The World section really felt neglected to me. The reason is the artwork. The company putting this out is called Kalos Comics. I felt that a comic company should have access to awesome artwork and this would be the section where I would expect it.

-== Summary ==-

Even though this is the second edition of Bulletproof Blues I came away thinking that they really need a third edition. Getting a professional editor and layout person involved could really make this product shine. If you are looking for a cheap rules light RPG designed in a very standard non-story game fashion Bulletproof Blues is one that should get your attention and dollars.

I give it 7 out of 10 paws.

You can get Bulletproof Blues for $4.95 at DriveThruRPG at this URL. You can get a print-on-demand version AND PDF at the same URL for $14.96. A BARGAIN! πŸ˜€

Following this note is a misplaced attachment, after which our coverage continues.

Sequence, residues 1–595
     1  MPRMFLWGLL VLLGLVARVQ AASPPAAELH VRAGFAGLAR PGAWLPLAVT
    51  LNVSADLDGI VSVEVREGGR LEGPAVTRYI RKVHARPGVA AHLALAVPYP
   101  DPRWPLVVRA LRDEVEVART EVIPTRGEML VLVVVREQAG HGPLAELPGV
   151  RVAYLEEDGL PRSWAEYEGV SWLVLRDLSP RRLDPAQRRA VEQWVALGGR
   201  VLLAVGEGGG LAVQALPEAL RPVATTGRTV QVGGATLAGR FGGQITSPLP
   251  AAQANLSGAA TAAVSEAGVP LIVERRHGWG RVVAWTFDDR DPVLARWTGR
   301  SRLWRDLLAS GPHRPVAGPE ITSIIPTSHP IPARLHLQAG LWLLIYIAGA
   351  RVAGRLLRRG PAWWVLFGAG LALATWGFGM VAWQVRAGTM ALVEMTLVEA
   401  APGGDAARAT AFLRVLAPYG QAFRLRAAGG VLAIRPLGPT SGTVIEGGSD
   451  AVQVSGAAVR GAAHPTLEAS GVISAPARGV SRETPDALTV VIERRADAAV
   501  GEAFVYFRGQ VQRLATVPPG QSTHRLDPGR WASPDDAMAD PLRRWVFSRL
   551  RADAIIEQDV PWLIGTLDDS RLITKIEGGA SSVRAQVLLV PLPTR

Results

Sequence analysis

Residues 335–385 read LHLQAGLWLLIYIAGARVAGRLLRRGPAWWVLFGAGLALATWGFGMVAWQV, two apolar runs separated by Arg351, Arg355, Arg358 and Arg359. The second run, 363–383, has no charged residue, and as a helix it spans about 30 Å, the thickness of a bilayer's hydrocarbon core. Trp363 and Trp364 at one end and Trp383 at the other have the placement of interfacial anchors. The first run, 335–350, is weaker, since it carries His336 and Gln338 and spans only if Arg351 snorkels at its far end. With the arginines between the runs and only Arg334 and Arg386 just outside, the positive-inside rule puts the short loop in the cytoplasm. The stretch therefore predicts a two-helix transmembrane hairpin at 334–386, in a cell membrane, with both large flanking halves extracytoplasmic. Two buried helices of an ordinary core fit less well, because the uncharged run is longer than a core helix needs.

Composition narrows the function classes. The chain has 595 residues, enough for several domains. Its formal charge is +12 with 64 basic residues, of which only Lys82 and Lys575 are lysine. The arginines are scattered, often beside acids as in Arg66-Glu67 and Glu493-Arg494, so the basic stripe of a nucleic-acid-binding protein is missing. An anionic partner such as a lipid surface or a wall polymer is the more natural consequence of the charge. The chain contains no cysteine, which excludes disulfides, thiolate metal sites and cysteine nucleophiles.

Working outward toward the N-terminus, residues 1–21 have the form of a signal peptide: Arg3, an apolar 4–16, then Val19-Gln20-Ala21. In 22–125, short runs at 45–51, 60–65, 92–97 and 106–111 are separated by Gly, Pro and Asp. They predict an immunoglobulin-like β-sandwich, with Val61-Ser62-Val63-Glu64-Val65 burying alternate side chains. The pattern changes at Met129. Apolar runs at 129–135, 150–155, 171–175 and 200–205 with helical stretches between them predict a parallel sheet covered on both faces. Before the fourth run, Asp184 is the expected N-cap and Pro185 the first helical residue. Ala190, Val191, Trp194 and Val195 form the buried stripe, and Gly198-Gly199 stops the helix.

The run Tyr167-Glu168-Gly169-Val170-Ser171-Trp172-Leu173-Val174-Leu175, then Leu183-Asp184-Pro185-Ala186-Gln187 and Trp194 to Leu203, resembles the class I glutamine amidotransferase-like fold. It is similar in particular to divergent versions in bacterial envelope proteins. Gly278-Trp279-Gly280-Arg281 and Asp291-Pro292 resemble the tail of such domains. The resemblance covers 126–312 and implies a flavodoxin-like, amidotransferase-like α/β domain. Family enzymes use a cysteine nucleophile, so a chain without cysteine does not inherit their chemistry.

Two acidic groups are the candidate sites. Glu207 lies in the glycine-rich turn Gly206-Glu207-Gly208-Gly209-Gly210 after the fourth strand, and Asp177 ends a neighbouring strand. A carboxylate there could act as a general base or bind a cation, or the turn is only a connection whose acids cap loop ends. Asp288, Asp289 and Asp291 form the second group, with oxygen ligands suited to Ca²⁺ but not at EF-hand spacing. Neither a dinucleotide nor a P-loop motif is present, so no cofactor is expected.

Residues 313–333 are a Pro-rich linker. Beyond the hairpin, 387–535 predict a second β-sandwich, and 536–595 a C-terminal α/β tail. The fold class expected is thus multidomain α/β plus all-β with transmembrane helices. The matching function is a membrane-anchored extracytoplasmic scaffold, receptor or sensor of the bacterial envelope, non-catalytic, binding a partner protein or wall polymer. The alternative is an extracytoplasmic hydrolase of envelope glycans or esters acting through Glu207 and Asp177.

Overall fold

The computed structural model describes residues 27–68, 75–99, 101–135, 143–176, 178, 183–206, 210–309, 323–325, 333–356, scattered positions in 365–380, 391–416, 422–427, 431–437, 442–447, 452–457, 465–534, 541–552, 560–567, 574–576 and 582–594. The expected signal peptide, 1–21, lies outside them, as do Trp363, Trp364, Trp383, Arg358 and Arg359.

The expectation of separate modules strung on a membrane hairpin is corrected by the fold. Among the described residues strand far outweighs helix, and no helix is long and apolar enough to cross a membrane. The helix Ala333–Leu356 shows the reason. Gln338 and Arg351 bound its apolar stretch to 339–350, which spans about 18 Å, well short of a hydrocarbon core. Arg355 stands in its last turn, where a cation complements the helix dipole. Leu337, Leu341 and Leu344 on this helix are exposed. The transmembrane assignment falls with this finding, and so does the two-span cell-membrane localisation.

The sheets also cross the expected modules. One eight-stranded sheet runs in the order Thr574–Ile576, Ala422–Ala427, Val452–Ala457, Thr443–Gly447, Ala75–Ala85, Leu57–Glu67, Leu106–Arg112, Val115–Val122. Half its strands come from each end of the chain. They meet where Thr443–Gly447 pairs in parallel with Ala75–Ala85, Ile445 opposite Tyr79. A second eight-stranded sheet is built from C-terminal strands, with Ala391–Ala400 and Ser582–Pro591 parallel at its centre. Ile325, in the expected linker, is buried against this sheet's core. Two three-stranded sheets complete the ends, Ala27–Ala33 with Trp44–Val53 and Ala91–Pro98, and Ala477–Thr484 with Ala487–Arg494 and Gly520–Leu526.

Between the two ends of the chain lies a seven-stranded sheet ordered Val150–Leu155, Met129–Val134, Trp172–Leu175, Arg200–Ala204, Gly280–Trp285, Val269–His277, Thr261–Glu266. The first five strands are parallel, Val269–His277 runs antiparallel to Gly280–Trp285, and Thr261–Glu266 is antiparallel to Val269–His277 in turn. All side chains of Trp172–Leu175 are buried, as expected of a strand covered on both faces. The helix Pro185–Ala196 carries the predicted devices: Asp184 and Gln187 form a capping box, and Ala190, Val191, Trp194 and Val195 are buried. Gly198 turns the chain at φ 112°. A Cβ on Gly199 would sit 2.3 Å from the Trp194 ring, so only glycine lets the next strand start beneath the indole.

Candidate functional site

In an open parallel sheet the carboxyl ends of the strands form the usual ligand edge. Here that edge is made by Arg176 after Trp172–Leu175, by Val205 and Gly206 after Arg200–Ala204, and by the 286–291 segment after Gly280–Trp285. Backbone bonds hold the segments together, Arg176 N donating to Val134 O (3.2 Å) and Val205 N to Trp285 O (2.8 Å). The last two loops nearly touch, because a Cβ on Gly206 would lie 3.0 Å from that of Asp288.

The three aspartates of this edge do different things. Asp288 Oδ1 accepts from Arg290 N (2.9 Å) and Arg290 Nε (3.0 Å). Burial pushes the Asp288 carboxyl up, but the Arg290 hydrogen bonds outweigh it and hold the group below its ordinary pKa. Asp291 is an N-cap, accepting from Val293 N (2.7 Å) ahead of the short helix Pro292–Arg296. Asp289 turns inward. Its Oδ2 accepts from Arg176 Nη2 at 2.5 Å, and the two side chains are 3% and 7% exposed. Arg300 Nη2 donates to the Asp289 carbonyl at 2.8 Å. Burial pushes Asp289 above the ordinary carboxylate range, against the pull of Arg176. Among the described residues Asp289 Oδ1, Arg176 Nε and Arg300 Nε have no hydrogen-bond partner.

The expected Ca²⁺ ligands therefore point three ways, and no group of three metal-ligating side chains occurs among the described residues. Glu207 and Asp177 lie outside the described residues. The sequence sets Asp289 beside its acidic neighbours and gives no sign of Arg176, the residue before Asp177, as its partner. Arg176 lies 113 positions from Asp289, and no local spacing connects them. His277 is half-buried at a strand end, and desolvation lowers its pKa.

2 Comments to “Review Of Bulletproof Blues By Kalos Comics”

  1. That is a great, very comprehensive review. Thanks for spending the time to go into detail on what you liked and what you didn’t.

    I will share with you a couple of the reasons behind a couple of the things you didn’t like. This doesn’t mean you are wrong: there is room in the world for everyone to like what they like. But I thought you might appreciate an explanation.

    The layout is intentionally simple: a single column of black text on white background, with the text being slightly larger than one usually finds in roleplaying games. We did this for two main reasons. First, the book is primarily intended to be read on a computer screen, especially a tablet. We wanted to make it as easy as possible to read. That’s why it’s in a single column, and why there are very few colors and images behind the text. Second, there are many gamers with vision impairments. We wanted to make sure that the game is accessible to everyone.